Water Limits to Closing Yield Gaps

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Jan 01, 2017
Author: 
Kyle Frankel Davis, Maria Cristina Rulli, Francesco Garrassino, Davide Chiarelli, Antonio Seveso, and Paolo D'Odorico

 

Abstract

Agricultural intensification is often seen as a suitable approach to meet the growing demand for agricultural products and improve food security. It typically entails the use of fertilizers, new cultivars, irrigation, and other modern technology. In regions of the world affected by seasonal or chronic water scarcity, yield gap closure is strongly dependent on irrigation (blue water). Global yield gap assessments have often ignored whether the water required to close the yield gap is locally available. Here we perform a gridded global analysis (10 km resolution) of the blue water consumption that is needed annually to close the yield gap worldwide and evaluate the associated pressure on renewable freshwater resources. We find that, to close the yield gap, human appropriation of freshwater resources for irrigation would have to increase at least by 146%. Most study countries would experience at least a doubling in blue water requirement, with 71% of the additional blue water being required by only four crops – maize, rice, soybeans, and wheat. Further, in some countries (e.g., Algeria, Morocco, Syria, Tunisia, and Yemen) the total volume of blue water required for yield gap closure would exceed sustainable levels of freshwater consumption (i.e., 40% of total renewable surface and groundwater resources).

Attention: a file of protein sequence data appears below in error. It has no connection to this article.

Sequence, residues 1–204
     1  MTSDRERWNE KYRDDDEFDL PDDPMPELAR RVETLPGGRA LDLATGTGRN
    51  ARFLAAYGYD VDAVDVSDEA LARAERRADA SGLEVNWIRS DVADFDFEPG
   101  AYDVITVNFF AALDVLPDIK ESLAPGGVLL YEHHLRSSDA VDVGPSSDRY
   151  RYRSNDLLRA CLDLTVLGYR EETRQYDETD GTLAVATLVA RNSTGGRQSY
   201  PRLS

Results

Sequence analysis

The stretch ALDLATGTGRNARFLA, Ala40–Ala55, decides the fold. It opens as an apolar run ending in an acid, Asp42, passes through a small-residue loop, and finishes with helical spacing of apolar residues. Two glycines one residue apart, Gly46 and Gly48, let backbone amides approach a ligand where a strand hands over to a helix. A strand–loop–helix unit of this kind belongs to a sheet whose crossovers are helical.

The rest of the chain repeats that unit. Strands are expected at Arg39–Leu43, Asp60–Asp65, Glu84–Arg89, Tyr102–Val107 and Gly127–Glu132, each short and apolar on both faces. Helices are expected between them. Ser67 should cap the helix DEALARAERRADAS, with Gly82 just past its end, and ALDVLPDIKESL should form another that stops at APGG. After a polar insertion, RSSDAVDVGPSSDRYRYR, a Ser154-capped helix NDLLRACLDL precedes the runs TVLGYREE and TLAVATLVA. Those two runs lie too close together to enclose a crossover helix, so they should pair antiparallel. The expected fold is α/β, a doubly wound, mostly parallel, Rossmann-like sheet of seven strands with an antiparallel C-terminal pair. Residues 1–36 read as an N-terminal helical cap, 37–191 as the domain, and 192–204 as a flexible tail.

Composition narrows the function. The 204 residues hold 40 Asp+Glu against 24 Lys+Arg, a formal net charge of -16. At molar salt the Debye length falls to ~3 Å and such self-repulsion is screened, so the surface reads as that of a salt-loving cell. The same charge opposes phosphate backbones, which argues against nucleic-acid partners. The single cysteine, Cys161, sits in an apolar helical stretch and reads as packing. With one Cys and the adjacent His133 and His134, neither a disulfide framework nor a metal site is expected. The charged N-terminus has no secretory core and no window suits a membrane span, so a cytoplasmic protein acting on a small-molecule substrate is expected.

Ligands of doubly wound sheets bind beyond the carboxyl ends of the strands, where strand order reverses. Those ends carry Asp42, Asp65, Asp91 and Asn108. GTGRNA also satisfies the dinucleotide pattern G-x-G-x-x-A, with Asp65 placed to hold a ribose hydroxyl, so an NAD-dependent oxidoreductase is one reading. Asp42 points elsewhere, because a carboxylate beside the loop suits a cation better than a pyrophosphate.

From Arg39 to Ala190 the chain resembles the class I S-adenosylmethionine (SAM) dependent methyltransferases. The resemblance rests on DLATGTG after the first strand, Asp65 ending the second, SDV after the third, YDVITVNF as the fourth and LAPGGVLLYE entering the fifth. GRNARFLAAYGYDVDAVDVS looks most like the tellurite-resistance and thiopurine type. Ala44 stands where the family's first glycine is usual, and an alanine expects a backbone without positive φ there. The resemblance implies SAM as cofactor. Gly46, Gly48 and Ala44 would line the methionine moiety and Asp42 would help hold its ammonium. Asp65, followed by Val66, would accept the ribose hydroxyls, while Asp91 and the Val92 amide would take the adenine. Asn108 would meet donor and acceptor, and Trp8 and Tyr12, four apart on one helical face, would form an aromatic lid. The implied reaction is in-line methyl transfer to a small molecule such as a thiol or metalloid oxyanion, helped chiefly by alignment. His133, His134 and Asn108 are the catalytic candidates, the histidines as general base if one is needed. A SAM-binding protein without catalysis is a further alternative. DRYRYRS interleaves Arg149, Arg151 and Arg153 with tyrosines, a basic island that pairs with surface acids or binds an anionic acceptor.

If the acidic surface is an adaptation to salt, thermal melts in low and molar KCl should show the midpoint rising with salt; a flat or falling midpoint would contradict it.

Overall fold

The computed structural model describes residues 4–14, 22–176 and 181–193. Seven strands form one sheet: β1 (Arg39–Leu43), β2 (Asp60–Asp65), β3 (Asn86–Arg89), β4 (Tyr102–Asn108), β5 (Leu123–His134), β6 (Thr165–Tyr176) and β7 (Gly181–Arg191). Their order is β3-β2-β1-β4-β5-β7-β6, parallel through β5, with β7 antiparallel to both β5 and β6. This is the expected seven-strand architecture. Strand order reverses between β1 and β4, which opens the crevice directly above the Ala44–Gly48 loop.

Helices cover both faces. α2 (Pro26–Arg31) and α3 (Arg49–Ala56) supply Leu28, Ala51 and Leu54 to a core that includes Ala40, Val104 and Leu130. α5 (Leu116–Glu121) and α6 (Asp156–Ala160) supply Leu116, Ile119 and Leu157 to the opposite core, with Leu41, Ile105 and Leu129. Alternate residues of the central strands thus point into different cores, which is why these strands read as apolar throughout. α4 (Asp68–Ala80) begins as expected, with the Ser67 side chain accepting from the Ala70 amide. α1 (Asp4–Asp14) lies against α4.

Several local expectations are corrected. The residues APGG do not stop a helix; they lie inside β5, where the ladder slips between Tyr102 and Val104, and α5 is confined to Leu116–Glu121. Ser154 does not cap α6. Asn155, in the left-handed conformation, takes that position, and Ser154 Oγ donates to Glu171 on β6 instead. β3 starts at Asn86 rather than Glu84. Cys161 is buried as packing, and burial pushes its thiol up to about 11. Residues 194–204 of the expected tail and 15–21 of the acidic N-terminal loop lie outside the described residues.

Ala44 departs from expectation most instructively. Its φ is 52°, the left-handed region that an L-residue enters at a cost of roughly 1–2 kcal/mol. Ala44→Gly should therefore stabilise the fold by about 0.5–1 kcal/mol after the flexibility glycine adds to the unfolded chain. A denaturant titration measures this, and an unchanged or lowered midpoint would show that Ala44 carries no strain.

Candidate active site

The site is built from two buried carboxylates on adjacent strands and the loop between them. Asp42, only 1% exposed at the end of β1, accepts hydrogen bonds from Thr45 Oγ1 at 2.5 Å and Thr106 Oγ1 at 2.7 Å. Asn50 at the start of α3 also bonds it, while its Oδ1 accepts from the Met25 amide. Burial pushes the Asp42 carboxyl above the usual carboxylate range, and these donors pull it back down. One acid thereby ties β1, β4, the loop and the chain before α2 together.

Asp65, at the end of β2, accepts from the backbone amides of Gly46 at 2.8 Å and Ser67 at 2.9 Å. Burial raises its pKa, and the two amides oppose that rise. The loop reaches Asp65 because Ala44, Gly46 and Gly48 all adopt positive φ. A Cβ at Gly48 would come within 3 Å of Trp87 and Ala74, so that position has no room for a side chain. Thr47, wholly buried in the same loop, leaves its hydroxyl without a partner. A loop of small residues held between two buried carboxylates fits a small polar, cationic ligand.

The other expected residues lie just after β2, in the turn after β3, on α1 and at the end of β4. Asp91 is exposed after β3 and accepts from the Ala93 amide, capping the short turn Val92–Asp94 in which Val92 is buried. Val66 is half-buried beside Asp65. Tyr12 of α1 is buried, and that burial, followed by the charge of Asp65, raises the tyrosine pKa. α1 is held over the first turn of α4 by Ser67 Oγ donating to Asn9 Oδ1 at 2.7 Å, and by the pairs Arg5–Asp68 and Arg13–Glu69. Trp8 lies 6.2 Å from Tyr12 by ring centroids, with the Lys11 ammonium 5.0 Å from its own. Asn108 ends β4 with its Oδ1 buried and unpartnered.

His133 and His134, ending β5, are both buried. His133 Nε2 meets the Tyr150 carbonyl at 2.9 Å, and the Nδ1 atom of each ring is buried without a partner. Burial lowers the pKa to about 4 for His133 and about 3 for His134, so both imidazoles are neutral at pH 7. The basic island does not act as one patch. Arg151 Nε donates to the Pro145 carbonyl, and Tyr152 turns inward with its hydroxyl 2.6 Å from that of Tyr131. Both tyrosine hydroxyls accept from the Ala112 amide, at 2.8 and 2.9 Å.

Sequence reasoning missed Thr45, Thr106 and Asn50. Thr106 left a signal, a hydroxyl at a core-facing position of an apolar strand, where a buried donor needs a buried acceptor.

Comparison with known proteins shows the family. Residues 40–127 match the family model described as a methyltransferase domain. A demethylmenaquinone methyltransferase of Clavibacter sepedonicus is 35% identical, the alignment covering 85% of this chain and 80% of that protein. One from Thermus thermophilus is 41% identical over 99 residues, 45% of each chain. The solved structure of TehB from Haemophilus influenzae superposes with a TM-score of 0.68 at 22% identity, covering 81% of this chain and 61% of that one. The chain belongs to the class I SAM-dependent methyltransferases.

Read the full article in Advances in Water Resources.

 

DOI for citing: 
http://doi.org/10.1016/j.advwatres.2016.11.015
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